As an introductory point, he argues against the traditional, supersessionist view of modern history, in which "the distant past is assumed to have been left behind, explanatorily important to what immediately succeeded it but not to the present." Rather, he argues, much of the distant past has not been left behind, but continues to influence the present through its continuing ideas, values, worldviews, and institutions. "If this book's argument is near the mark," he says, "we cannot understand the character of contemporary realities until and unless we see how they have been and are still being shaped by the distant past."
Three ProblemsGregory sums up the argument of his book with three basic problems faced by early modern Christendom. First, late medieval Christianity was increasingly troubled by a gulf between the ethical prescriptions of the Christian faith and the actual practices of its followers, even (and especially) the clergy. This was a problem that reform-minded Christians hit on for centuries before the Reformation, but Luther and his contemporaries took the minority opinion that the church's problem was not simply moral, but doctrinal: the church was failing in its struggle against corruption and sin not simply because of personal or institutional failings to live up to its vision, but because of actual doctrinal error in its teaching. The solution, they thought, was to base the teachings and practices of the Church on Scripture alone, apart from manmade traditions which had led to the present muddle.
Yet this introduced a new problem: turning to the Bible as the sole authority for matters of faith and practice did not produce a renewed Christianity as the reformers hoped, but multiple, conflicting Christianities based on incompatible (but "authoritative") readings of Scripture, which fought with force of arms for more than a century and with words for far longer. In his second chapter Gregory expounds pretty exhaustively on the plurality of doctrinal claims that arose among the Protestants, even within ten years of the 95 theses. "From the early 1520s," he says, "those who rejected Rome disagreed about what God's word said. Therefore they disagreed about what God's truth was and so about what Christians were to believe and do." To list some of his examples:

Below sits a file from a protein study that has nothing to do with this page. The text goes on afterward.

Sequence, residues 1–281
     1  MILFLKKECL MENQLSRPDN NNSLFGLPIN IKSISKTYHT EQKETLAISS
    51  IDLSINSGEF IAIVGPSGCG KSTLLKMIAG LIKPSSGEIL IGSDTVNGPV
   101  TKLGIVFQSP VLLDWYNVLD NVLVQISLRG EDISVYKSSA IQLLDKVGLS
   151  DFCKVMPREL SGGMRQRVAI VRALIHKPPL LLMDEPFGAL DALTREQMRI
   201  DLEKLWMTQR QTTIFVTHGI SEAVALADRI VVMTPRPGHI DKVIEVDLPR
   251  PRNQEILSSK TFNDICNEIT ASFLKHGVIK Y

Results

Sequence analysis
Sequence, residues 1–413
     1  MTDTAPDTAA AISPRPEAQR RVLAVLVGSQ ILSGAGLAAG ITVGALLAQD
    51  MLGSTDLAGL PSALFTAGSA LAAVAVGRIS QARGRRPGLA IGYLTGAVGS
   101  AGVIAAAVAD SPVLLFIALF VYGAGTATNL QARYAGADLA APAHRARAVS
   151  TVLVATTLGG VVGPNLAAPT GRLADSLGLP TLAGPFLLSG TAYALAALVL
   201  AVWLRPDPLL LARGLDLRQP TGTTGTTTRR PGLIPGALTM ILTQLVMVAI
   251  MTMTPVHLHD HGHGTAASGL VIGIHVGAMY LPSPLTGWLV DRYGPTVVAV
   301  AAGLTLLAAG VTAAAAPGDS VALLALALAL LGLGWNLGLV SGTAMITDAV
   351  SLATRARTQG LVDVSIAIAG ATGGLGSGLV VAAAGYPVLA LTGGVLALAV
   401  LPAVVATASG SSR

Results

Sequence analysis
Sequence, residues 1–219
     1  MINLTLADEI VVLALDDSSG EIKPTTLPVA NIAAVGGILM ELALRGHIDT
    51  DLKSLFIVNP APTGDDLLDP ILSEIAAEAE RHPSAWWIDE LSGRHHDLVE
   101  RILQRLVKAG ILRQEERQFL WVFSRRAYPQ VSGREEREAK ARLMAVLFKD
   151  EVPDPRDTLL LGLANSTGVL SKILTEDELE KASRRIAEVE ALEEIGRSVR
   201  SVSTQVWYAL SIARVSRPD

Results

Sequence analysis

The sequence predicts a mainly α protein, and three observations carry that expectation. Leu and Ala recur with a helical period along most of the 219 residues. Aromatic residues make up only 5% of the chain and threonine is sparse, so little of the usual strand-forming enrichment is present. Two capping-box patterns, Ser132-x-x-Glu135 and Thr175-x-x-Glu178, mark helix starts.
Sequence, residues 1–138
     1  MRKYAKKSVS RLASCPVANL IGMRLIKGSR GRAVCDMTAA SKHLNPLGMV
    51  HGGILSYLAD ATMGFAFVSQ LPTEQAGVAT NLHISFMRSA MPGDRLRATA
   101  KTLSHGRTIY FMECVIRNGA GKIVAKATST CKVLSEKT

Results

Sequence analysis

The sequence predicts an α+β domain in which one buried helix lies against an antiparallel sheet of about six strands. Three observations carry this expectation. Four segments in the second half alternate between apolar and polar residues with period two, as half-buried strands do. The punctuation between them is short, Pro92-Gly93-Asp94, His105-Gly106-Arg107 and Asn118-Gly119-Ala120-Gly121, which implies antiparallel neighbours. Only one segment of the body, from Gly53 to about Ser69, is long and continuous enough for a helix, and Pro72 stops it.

- In 1522, Andreas Karlstadt disputed Luther's disdain for the book of James as well as his views on the nature of the Old Testament, oral confession, the Eucharist, and the permissibility of religious images.
- Luther and Melanchthon famously parted ways with Zwingli over the Real Presence of Christ in the Eucharist.
- Between 1525 and 1527, nine different reformers published twenty-eight treatises against Luther's view of the Lord's Supper, leading to the Marburg Colloquy in 1529 and the split between Lutheran and Reformed Christianity.
- Zwingli disagreed with his former Zurich colleagues Hubmaier and Grebel about the biblical basis for infant baptism. The early Anabaptists sharply denounced other reformers' practice of infant baptism, again on biblical grounds. In Grebel's words, "the baptism of children is a senseless, blasphemous abomination against all scripture."
- Leaders behind the German Peasants' War repudiated Luther's distinction between "the Gospel" and social, economic, and political concerns, arguing for a stronger connection between the two. After the failure of the Peasants' War, by the late 1520s, the Anabaptists began dividing rapidly over a host of doctrinal issues.
- Other attempts to distinguish true Christian teaching from false based on evidence of fruits of the Spirit, direct testimony from the Spirit, or reason were similarly unsuccessful; Protestants disagreed about what exactly the fruits of the Spirit looked like, how reason was to be used in formulating Christian truth claims, and what the Spirit was "saying" to them at the moment.
A few especially powerful summary statements from Gregory, again supporting the point that sola scriptura was (and still is) the source of a great deal of doctrinal pluralism among Protestants:
Christians who rejected the authority of the Roman church and its truth claims, notwithstanding certain alliances and reconciliations (such as the Lutheran Formula of Concord) among some of the constituent groups, never exhibited anything remotely resembling agreement about their own, alternative truth claims. It is thus misleading to say that "Protestantism itself splintered into rival denominations, or 'confessions,'", as if there ever was some point in the early Reformation when anti-Roman Christians had agreed among themselves about what scripture said and God taught. There wasn't. (p. 91)